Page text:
Over the past several years, a series of highly publicized recalls have sent panicky consumers running to the fridge to check for tainted meat. In 1998, Sara Lee recalled millions of pounds of hot dogs and deli meat after 21 people died in a Listeria outbreak from a Michigan processing plant. In 2000, a three-year-old Milwaukee girl died after eating watermelon splashed with E. coli 0157:H7 (the most deadly form) at a Sizzler restaurant. Federal investigators traced the E. coli, which made 600 other people sick, to a Colorado Excel meat plant. Most recently, ConAgra recalled 19 million pounds of ground beef contaminated with E. coli, and a major Listeria outbreak occurred in Pennsylvania.
As these incidents continue to generate publicity, people are looking for ways to protect themselves from gaps in the country’s meat inspection system. Food irradiation—unpopular in the past—is starting to gain more acceptance. In fact, the U.S. Food and Drug Administration (FDA) is considering proposals to expand the number of foods that could be irradiated from just raw meat and spices to also include processed meats and imported produce. As more stores offer irradiated products, the issue is also generating some fiery opposition.
Many scientific organizations, including the U.S. Centers for Disease Control and Prevention, the World Health Organization and the American Medical Association, endorse food irradiation. The FDA has tested the safety of irradiated foods in both animals and humans, and NASA originally used irradiation to protect astronauts" meals. Ricardo Molins, a microbiologist and irradiation expert with the National Academy of Sciences, believes irradiation is a safe and effective way to reduce foodborne illness. "We don’t live in a sterile world—mud and manure could end up in your hamburger," Molins says.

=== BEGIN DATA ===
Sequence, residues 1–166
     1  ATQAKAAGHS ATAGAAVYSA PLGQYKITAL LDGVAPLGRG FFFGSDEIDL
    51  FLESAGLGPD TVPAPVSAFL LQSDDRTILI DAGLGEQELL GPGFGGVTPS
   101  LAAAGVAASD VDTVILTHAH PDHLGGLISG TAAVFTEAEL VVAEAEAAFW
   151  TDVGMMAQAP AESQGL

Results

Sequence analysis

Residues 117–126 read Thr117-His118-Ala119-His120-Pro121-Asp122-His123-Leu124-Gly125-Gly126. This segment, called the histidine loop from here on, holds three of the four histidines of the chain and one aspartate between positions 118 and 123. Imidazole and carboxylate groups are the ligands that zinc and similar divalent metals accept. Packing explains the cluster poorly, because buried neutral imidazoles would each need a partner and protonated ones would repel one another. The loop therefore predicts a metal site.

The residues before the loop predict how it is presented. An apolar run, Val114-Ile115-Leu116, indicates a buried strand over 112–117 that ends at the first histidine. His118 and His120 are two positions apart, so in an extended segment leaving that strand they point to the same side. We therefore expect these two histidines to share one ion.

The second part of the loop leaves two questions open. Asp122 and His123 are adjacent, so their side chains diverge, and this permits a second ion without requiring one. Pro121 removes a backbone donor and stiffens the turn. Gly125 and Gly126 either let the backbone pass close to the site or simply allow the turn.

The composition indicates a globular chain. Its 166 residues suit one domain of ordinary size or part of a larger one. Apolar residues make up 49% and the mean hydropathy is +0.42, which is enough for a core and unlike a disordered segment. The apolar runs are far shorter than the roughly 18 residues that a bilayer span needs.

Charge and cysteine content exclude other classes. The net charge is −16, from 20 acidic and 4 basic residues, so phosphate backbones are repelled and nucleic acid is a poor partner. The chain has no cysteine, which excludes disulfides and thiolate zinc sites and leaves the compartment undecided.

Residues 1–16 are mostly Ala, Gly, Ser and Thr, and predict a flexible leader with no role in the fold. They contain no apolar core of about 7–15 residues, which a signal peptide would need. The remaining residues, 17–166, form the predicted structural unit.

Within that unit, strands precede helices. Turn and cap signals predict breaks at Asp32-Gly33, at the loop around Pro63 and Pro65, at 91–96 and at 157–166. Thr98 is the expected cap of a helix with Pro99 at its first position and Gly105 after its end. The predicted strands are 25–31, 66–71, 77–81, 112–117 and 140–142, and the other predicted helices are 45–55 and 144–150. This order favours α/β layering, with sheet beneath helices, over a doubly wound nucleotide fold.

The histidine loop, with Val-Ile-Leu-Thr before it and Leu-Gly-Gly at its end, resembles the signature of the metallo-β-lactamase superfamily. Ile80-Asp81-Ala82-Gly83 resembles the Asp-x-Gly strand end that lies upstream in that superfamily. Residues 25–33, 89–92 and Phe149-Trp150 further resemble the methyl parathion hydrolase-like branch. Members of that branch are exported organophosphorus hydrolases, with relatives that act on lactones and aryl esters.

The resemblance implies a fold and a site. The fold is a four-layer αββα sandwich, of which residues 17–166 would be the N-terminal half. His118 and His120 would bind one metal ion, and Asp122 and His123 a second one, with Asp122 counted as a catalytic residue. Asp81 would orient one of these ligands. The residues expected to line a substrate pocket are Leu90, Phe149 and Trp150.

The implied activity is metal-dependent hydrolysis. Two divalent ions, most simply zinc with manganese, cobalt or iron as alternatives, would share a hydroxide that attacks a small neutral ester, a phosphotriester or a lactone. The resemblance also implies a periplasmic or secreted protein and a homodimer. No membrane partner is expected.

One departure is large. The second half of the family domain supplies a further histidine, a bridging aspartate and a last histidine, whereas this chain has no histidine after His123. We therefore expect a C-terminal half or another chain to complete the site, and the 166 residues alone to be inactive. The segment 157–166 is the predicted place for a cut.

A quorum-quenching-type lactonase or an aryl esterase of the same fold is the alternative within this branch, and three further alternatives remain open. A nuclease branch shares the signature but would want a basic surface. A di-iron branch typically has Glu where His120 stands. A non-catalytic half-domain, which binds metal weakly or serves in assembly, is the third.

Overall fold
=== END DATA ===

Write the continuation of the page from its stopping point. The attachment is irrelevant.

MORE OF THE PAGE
Irradiation prevents food poisoning by killing harmful bacteria such as E. coli, Salmonella and Listeria. When high-energy beams of radiation pass through the food, it damages the DNA of these microorganisms. Irradiation will not eliminate viruses and prions, which are the infectious proteins that cause mad cow disease. The process changes some foods, especially those that have a high fat content. Irradiated eggs become runny and some meats develop an unpleasant odor and taste.
An Industry Cheers
Food industry groups, such as the Grocery Manufacturers of America and the American Meat Institute, are in favor of irradiation. While surveys show consumers tend to be wary of irradiated foods, some stores already sell them. East Coast grocery chain Wegman’s started to aggressively market its own brand of irradiated hamburger last summer. "E. coli 0157:H7 is especially dangerous to young children, the elderly and the immuno-compromised," says Wegman’s spokesperson Joanne Colleluori. "This product gives our customers peace of mind."
Irradiation opponents, however, argue it could give the meat industry an excuse to look the other way instead of cleaning up flaws in the system. People are getting sick because of the increase in factory farms where cattle are crowded into small pens, sleeping in their own waste, says Patty Lovera, deputy director of Public Citizen’s critical mass energy and environment program. Instead of grazing on their natural diet of grass, the cows eat grain-based foods, which cause E. coli to flourish in their digestive tracts. The animals move through the slaughter lines so quickly, mistakes cause fecal matter to contaminate the meat, she adds.